Rotten to the core Essay: The Sex Pistols are back, not to prove they were a great band, but to annoy people -- and to make money. It worked in the '70s

it'll work again. You'll pay.

August 06, 1996|By J.D. Considine | J.D. Considine,SUN POP MUSIC CRITIC

Probably the smartest thing the Sex Pistols ever did was break up.

It happened on Jan. 14, 1978, immediately after a fractious, chaotic performance at Winterland in San Francisco. Johnny Rotten, fed up with the media circus that had trailed the band through its seven-city American tour, decided he'd had enough and announced that he was leaving and that the band was, for all intents and purposes, over.

Or so we thought. But early last year, Rotten appeared at a press conference with his old band mates -- guitarist Steve Jones, drummer Paul Cook and original bassist Glen Matlock -- to announce that the Sex Pistols were planning a summer-long reunion tour. When asked what had prompted this get-back-together, Rotten answered, "Your money."

"Ever get the feeling you've been cheated?"

Those were the last words Rotten said before leaving the stage at Winterland 18 years ago. At the time, it seemed the ideal exit line, not only taunting the Winterland crowd for having paid for such a pathetic performance, but laughing at a whole world of fans foolish enough to expect the band to have lived up to its promise.

It was the perfect punk kiss-off -- rude, snotty and utterly on-target.

Now, however, those who applauded that gesture are beginning to feel, well, cheated. It's bad enough that the Sex Pistols have gone the way of all fleshy, aging rock stars (Hello, KISS! Nice to see ya, Eagles!) and hit the reunion trail; making matters worse is the fact that Rotten and company have nothing to gain from this tour but money.

As more than one commentator has observed, the only thing the Sex Pistols could possibly do to their reputation at this point is diminish it.

Think about it

But that's the point. Because if you think about it, the Sex Pistols never wanted to be "rock legends." The band's very existence was a gob of spit in the face of rock and roll propriety. So why on earth would anyone imagine these four would want to be deified?

When the Sex Pistols first appeared on the scene, in late 1975, the world was full of Rock Gods. Led Zeppelin, Rod Stewart, Bad Company, the Rolling Stones, the Eagles, Elton John, Eric Clapton, Pink Floyd -- these were the acts that defined rock stardom, and all of them did their best to make it seem larger than life. They were more talented, more beautiful, more creative than mere fans could ever be -- and as such lived a life the rest of us could only view from the cheap seats.

Bollocks to that! was the Sex Pistols' response. As far as they were concerned, the stage belonged to anybody who had the nerve to get up there and make some noise. It didn't matter whether you could play or sing properly; to some degree, it was better if you couldn't. As for fandom, Rotten summed up his position with the Pink Floyd T-shirt he made wearable by scrawling "I Hate" at the top.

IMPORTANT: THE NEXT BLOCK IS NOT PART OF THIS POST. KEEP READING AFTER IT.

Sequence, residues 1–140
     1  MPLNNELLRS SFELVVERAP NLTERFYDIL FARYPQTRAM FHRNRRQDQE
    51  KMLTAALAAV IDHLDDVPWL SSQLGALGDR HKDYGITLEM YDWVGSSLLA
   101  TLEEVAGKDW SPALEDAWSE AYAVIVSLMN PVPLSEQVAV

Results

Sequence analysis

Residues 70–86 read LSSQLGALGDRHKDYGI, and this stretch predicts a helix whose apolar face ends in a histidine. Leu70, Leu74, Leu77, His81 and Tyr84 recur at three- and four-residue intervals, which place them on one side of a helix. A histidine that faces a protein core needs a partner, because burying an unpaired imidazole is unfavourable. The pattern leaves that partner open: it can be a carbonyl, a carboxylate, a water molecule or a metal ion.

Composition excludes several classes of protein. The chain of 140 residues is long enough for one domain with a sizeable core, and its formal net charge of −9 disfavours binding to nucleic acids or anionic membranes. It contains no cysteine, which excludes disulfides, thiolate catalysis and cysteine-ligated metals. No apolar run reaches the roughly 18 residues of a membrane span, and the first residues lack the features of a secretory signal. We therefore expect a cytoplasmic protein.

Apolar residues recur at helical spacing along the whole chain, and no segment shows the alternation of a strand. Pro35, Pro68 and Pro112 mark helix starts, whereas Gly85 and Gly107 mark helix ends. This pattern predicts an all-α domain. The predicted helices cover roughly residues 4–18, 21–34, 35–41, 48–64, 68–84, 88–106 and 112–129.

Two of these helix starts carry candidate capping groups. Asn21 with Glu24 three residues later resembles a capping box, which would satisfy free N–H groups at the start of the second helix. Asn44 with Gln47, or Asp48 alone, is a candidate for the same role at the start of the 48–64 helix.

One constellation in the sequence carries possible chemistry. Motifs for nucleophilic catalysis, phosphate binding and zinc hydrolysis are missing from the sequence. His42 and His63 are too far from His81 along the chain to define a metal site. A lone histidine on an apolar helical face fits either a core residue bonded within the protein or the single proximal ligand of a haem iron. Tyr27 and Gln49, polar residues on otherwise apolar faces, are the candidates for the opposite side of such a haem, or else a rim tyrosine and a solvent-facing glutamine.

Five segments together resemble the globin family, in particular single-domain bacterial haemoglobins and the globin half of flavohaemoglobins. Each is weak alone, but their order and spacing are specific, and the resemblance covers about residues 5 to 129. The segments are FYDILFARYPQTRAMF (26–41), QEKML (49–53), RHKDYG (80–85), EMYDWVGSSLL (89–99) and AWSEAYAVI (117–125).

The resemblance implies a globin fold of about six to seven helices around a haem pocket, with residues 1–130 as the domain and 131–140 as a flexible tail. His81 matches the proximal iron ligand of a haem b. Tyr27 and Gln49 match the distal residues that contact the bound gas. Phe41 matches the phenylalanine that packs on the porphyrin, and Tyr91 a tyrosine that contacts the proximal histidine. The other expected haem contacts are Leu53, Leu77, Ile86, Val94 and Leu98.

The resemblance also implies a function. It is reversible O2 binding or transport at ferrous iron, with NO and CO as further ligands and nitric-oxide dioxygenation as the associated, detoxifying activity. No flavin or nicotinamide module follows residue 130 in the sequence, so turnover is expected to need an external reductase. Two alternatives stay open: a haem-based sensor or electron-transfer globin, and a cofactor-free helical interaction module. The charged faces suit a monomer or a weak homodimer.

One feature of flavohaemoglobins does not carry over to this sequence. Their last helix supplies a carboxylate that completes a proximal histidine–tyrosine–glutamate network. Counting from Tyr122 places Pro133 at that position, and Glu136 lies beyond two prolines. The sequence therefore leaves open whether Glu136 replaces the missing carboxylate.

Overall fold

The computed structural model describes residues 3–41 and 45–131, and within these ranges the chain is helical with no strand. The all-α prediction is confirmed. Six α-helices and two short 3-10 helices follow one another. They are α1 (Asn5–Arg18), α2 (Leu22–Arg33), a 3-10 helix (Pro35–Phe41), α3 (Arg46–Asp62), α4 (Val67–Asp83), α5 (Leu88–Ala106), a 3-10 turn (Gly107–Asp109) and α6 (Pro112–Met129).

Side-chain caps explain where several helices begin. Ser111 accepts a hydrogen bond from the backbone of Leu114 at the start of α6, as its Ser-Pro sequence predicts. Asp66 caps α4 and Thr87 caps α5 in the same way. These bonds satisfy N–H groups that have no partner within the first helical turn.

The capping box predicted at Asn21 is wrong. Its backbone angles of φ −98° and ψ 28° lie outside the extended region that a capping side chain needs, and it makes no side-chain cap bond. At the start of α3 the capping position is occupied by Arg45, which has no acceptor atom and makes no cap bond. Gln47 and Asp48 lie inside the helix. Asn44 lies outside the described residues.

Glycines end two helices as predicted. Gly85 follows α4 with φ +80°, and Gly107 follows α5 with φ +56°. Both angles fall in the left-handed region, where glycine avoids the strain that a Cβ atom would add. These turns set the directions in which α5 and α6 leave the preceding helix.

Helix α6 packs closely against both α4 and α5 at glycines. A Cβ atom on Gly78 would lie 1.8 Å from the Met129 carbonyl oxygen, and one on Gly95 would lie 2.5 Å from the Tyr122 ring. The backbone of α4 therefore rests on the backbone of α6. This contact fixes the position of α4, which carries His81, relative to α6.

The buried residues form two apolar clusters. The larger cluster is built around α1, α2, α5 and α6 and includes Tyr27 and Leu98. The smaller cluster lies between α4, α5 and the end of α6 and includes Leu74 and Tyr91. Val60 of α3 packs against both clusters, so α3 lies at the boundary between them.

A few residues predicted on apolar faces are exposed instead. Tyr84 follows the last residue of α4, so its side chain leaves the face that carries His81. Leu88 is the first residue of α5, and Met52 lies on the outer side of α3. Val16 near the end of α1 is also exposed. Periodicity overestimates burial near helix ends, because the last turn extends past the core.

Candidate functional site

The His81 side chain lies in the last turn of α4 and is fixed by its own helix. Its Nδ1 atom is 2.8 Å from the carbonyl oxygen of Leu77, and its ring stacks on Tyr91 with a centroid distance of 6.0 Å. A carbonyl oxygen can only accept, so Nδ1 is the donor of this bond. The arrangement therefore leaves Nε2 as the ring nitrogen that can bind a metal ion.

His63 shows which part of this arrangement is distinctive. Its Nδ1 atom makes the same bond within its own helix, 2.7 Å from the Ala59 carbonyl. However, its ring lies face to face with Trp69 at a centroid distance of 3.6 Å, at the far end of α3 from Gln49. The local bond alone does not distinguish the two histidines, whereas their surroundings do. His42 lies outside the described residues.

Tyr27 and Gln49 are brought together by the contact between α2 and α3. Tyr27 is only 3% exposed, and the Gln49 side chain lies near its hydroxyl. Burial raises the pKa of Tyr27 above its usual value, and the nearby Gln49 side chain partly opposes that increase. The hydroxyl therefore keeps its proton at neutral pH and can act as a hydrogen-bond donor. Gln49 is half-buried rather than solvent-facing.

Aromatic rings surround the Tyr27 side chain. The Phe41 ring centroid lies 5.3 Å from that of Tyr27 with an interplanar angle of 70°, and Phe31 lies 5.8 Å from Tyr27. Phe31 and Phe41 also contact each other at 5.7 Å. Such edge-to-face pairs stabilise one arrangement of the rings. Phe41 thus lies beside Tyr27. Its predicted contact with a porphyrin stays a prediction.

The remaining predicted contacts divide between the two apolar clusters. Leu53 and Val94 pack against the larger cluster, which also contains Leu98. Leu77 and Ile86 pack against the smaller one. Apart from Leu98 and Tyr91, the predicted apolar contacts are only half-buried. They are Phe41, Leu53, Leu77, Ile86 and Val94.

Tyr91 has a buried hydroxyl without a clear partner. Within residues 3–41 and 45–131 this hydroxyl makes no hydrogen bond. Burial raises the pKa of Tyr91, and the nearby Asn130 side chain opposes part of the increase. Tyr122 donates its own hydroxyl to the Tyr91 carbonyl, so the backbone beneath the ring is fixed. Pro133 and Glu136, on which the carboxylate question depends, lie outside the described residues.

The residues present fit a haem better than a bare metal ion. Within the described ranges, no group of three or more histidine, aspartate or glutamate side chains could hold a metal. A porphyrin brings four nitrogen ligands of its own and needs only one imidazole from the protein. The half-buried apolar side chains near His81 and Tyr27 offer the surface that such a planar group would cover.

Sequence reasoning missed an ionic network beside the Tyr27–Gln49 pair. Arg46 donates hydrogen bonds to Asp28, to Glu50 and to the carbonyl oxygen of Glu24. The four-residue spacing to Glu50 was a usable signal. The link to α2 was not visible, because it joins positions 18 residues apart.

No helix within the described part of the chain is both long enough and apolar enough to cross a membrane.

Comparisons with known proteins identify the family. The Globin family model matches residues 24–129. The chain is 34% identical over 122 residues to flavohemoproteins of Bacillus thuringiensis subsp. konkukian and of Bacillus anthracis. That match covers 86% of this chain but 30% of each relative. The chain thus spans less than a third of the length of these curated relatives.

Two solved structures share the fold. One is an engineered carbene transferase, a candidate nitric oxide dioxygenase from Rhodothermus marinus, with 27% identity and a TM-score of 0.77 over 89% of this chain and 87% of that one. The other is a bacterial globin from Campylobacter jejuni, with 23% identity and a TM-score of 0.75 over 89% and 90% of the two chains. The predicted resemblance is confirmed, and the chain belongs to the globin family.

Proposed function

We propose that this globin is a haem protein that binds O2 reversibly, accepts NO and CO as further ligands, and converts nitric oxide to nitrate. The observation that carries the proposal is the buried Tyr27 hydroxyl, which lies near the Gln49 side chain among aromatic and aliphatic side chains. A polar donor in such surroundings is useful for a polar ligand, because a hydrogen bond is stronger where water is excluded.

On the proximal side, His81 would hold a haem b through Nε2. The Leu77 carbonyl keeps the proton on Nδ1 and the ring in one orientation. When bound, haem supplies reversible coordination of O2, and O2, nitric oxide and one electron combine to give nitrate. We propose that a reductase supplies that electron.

Granted, the Sex Pistols didn't invent punk; credit for that lies on this side of the Atlantic, where bands as diverse as Blondie, Television and the Ramones were playing punk rock long before young John Lydon turned Rotten. But none of those bands seemed to epitomize punk the way the Pistols did, nor did any of them possess the sort of world-changing ambition Rotten took as a matter of course.

"Rock and roll is over, don't you understand?" Rotten said a few years after the Pistols broke up. "It's gone on for 25 years, and it's got to be canceled. The Pistols finished rock and roll; they were the last rock and roll band."

Rock renewed

He couldn't have been more wrong. For millions of musicians and fans, the Pistols did not kill off rock and roll but reinvigorated it. And not just punk rockers, either; metalheads from Motley Crue to Metallica listed the Sex Pistols among their influences. Even poor, pathetic Sid Vicious -- the clueless semi-musician who replaced Matlock and ended up dying a junkie's death in Manhattan a year after Rotten's San Francisco farewell -- became an idol of sorts, spawning a whole generation of spike-haired fashion victims.

Punk, ironically enough, not only endured but prospered, becoming such an accepted part of the rock mainstream that a certain percentage of any Green Day or Rancid audience will likely consist of parents shepherding their pre-teens through yet another punk show.

And is there a shopping mall anywhere in America that doesn't have at least a couple of Mohawked mini-rebels hanging around, desperately trying to look like extras in "Sid and Nancy"?

Against that kind of cultural backdrop, it's hard to imagine a gesture more completely punk than the Sex Pistols' unapologetic return. "Fat, 40 and back!" was the way Rotten gloatingly described his band at Finsbury Park in London, the third stop on the "Filthy Lucre" tour and the site for its cash-in concert recording, "Filthy Lucre Live" (Virgin 41926).

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